BLM Seeking Public Comment on Environmental Reviews for Oil and Gas Leasing
The Bureau of Land Management (BLM) encourages the public to submit comments on eight environmental assessments issued today that analyze oil and gas leasing decisions for 57 suspended Montana leases and 163 other parcels in Montana, North Dakota, and South Dakota that were previously considered for leasing. The public comment period closes September 13, 2010.“These assessments generally propose increasing the number of environmentally protective conditions on leases. In the past, such protections may have been added as conditions of approval when the BLM analyzed a drilling application," said Acting State Director Mike Nedd. “By conducting a more extensive environmental review before offering parcels for lease, the BLM is better able to protect land, water, and wildlife while allowing oil and gas development to proceed in an environmentally responsible manner in appropriate locations." In March 2010, as part of a litigation settlement agreement, the BLM suspended 61 oil and gas leases that it issued in 2008. In settling this litigation, the BLM agreed to conduct additional environmental analysis of these parcels. Since then, four leases were terminated by the lessees so the assessments address the remaining 57 leases. The eight assessments also include analysis of an additional 163 parcels that had previously been nominated for leasing. All eight assessments are posted on BLM-Montana's website at https://www.blm.gov/montana-dakotas and the address for mailing comments is included in each individual assessment. Questions about the specific assessments may be directed to the appropriate BLM Field Office. The environmental assessments will be finalized after considering public comments.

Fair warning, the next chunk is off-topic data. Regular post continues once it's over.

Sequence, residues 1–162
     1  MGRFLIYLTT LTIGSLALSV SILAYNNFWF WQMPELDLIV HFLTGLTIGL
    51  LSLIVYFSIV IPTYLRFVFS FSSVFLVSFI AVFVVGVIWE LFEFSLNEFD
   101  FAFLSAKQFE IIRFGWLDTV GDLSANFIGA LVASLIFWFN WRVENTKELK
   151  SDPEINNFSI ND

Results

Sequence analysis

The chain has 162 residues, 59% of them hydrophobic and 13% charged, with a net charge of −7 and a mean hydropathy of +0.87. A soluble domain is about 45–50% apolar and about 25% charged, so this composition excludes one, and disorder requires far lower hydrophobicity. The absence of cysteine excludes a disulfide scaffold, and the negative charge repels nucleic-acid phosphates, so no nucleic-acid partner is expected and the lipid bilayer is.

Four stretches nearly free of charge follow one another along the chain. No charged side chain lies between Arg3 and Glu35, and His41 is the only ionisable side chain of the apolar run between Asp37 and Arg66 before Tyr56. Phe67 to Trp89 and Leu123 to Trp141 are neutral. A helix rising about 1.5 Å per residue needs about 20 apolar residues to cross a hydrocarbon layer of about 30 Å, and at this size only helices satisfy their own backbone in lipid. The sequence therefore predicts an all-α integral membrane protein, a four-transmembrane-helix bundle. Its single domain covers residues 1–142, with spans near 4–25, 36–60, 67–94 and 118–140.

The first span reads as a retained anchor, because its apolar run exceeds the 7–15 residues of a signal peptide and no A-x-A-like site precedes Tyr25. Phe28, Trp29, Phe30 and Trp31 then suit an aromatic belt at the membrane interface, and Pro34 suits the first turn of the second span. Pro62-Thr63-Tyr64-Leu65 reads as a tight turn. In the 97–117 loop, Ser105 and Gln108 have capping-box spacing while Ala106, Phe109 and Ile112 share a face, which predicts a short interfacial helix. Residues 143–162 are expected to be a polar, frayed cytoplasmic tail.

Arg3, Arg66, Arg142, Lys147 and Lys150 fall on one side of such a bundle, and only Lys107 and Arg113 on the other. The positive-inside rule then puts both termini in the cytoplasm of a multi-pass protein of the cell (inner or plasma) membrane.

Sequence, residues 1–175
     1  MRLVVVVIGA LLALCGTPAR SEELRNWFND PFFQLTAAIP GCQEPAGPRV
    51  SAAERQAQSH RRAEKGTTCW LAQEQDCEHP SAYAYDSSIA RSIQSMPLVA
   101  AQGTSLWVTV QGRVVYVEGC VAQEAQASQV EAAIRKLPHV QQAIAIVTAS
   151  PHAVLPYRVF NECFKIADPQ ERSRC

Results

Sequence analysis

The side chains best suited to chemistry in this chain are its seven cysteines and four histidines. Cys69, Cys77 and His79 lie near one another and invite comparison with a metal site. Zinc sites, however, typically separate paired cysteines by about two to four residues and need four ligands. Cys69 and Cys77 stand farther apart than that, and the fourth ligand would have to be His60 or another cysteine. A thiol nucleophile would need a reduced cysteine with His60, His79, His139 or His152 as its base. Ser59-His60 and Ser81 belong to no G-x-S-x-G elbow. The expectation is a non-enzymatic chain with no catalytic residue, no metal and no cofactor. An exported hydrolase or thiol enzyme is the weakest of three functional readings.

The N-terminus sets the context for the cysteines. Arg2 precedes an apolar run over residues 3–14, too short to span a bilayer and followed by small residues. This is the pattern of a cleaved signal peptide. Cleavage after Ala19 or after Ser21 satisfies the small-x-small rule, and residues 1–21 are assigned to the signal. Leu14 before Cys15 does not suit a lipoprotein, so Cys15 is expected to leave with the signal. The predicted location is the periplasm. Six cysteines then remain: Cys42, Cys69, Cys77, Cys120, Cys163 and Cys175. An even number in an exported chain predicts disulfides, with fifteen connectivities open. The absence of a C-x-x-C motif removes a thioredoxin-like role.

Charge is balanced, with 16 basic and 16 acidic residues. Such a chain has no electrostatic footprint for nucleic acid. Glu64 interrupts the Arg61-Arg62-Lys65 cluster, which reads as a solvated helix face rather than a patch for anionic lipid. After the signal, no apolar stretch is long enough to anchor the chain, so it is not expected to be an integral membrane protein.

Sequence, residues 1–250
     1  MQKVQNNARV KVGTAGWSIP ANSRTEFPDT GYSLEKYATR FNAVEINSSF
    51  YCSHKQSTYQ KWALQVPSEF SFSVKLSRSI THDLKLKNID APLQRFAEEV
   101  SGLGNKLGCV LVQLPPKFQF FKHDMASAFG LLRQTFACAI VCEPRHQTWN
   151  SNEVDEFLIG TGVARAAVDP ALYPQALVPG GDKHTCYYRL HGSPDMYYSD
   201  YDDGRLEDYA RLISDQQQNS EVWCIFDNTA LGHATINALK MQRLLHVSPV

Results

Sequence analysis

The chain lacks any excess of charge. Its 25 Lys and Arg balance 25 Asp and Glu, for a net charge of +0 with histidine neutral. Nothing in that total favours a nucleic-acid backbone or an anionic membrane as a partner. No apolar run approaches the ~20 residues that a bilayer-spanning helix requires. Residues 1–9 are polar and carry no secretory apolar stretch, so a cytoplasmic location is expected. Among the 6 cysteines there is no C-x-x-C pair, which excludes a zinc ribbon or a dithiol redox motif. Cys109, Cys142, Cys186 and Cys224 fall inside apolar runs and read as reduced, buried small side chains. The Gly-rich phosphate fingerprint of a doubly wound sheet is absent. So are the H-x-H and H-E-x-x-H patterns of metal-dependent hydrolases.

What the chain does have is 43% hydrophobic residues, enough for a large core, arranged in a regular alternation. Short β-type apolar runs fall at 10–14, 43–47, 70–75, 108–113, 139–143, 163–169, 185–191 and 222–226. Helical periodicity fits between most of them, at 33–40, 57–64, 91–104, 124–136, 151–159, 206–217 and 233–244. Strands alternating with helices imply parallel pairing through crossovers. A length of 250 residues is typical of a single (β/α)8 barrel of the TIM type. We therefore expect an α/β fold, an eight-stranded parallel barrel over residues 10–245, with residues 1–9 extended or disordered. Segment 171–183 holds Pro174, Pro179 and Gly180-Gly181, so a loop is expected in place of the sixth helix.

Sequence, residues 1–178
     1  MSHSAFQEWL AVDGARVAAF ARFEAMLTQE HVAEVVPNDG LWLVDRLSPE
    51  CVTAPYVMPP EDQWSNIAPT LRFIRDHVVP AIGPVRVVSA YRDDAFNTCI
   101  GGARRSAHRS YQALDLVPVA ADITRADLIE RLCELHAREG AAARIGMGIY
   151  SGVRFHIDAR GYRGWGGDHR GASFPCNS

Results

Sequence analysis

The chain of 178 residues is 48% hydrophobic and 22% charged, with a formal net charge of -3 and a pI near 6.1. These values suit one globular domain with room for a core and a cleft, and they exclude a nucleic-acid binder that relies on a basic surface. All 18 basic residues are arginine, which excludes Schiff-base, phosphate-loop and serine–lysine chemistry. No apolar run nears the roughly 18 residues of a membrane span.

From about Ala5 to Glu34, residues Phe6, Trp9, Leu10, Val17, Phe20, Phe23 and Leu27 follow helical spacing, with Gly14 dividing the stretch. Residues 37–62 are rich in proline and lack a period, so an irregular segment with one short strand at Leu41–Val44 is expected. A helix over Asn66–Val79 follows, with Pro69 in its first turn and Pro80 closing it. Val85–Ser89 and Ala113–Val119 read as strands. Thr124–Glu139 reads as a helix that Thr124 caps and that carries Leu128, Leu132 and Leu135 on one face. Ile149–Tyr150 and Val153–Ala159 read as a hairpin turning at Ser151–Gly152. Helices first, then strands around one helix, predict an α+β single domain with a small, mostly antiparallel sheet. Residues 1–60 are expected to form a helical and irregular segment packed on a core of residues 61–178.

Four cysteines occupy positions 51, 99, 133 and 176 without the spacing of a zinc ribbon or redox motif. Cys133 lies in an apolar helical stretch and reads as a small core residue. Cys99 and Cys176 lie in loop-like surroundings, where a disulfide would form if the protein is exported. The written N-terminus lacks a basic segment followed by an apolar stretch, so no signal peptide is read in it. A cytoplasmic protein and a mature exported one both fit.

The BLM manages more than 245 million acres of public land located primarily in 12 western states, including Alaska, on behalf of the American people. The BLM also administers 700 million acres of sub-surface mineral estate throughout the nation. Our mission is to sustain the health, diversity, and productivity of America’s public lands for the use and enjoyment of present and future generations.